Vernon Hershberger, 41, is an Amish dairy farmer living in Loganville, Wisconsin, who has been selling raw milk to his 150-member food club. The food club was a tight-knit community – members had become so enchanted with the farming routine that they would volunteer their services, helping to care for the cows and package food.
No big deal, right? In fact, Hershberger has been charged with four criminal misdemeanor counts in connection with alleged violations dating back to 2010. And while it seems like the travails of an Amish farmer might have limited repercussions for the general public, the opposite is true: this trial could create wide-ranging policy around what individuals can buy and sell to their communities. Hershberger has argued that there are no permits available that would allow him to sell raw milk, since the state bans such sales except on an “incidental” basis. He has maintained he has a right to sell food on a private contractual basis to his food club.
This is not passive resistance by Hershberger, either: he allegedly violated a state holding order in June 2010, when he cut the tape regulators had placed on his farm store refrigerators so as to continue supplying his food club members.
Vernon Hershberger (right) and a supporter in Loganville, WI.
The jury’s verdict in the trial could go a long way toward determining the future of the fast-expanding private food movement in the U.S. The trial, scheduled to begin Monday in the small town of Baraboo, WI, has become a flashpoint for the burgeoning “food sovereignty” movement. Hershberger’s supporters are expected to fill the small-town courthouse, and rumor has it some famous faces will be in the courtroom, including Virginia celebrity farmer Joel Salatin, California raw dairy owner Mark McAfee, and Canadian food rights advocate Michael Schmidt.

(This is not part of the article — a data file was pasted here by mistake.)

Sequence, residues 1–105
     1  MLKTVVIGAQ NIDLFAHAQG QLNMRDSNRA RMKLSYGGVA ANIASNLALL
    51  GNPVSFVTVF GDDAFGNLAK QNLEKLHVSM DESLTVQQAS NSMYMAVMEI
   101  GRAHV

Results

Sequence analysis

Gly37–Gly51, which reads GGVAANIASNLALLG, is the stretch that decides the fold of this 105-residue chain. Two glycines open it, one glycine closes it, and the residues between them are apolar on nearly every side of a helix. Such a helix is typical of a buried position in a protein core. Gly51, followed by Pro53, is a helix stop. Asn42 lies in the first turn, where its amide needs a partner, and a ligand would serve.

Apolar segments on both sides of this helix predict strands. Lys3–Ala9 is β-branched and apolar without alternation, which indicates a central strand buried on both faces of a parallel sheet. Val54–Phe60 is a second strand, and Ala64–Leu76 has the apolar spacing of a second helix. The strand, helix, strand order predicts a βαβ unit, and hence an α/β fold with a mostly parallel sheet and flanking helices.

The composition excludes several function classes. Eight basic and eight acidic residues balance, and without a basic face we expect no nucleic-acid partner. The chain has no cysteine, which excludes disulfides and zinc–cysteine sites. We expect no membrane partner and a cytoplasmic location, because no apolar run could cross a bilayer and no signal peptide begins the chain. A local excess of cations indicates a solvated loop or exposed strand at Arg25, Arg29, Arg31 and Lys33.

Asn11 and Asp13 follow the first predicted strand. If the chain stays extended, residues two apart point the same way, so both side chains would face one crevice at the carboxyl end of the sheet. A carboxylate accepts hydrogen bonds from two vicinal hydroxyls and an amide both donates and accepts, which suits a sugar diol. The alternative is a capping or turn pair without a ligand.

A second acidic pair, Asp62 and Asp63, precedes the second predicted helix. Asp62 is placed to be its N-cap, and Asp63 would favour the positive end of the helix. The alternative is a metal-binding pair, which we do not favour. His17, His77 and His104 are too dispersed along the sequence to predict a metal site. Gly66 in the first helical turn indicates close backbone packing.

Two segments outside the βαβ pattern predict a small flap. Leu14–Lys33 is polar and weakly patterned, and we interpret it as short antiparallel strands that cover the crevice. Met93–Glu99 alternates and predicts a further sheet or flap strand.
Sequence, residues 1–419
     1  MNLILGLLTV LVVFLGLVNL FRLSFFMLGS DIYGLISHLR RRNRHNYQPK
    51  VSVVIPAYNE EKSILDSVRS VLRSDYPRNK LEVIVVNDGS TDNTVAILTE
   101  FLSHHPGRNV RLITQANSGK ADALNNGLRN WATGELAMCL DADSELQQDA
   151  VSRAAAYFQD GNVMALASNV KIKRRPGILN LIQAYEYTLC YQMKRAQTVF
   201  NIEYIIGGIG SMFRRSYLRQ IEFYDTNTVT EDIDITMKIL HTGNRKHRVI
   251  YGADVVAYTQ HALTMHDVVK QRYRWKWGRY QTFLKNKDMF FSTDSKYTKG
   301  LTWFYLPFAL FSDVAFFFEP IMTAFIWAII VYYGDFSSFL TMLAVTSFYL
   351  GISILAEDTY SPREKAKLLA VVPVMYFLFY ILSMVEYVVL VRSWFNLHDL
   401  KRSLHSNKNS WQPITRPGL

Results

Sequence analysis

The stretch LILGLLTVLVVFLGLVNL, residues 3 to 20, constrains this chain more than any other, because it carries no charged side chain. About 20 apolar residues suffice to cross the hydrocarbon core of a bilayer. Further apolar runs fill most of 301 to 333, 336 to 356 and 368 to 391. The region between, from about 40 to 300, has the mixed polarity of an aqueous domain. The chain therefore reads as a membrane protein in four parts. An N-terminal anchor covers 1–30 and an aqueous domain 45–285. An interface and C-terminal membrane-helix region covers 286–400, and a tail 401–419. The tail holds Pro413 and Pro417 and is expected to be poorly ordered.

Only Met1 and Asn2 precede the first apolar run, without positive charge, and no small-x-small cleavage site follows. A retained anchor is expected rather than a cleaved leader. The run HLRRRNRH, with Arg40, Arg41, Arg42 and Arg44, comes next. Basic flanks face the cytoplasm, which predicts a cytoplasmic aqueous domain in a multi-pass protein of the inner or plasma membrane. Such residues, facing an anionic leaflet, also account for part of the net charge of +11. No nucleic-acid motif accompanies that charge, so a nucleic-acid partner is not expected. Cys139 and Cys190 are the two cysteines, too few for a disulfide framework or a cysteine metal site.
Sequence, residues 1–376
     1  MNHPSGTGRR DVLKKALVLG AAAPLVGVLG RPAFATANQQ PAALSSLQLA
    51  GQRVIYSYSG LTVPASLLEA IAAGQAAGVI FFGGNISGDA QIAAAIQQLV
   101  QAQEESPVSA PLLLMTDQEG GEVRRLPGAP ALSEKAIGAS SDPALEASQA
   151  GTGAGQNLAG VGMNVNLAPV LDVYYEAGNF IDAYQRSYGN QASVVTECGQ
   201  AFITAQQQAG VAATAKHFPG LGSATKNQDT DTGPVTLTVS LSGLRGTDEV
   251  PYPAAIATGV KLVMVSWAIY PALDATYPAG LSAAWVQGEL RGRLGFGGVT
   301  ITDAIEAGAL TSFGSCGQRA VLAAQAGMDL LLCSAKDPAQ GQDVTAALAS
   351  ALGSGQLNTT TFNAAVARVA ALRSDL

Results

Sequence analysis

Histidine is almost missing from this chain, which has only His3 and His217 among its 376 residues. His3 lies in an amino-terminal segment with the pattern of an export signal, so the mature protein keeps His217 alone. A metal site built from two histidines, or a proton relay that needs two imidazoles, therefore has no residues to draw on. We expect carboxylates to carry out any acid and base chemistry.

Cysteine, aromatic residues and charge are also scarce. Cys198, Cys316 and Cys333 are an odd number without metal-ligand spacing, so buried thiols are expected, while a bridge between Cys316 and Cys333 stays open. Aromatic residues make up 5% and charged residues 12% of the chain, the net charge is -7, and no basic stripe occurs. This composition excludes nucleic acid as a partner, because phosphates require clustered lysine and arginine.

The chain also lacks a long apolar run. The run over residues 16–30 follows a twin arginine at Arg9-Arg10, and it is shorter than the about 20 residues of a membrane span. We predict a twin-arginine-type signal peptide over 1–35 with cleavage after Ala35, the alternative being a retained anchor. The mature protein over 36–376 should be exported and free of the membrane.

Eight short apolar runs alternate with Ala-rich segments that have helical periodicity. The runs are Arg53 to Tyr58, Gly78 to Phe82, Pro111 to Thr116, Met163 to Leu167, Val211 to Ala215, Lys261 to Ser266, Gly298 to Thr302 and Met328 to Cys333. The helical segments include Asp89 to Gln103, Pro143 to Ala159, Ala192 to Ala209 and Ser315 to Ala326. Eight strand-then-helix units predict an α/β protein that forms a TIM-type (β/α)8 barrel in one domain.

Here are four questions raised by the trial:
Is buying raw milk (or any unsanctioned food) an American right?
Americans have always been able to obtain food privately – whether directly from farm stores or at church suppers or via lemonade stands or from neighbors selling extra milk or cans of food. It’s just that the “right” wasn’t called a right, because it was a custom or a tradition, a part of the fabric of life in communities large and small. The tradition has continued via farmers markets and CSAs. Private markets sprung up even for prepared food – for example, San Francisco’s Underground Market, with vendors selling food ranging from foraged seaweed to Belgian waffles. Elected and appointed officials didn’t even think to question it because they were getting food that way as well. But in recent years, government at all levels has begun challenging the custom more aggressively; for example, San Francisco public health officials shut down the Underground Market in 2011, after it was deemed to have gotten out of hand because it had grown so large. Still, a growing number of people have been seeking food directly from farms, This makes the long-ignored custom feel more like a necessary right.
Who counts as the “public,” anyways? Do I need a permit to serve raw milk pudding in my own home to friends?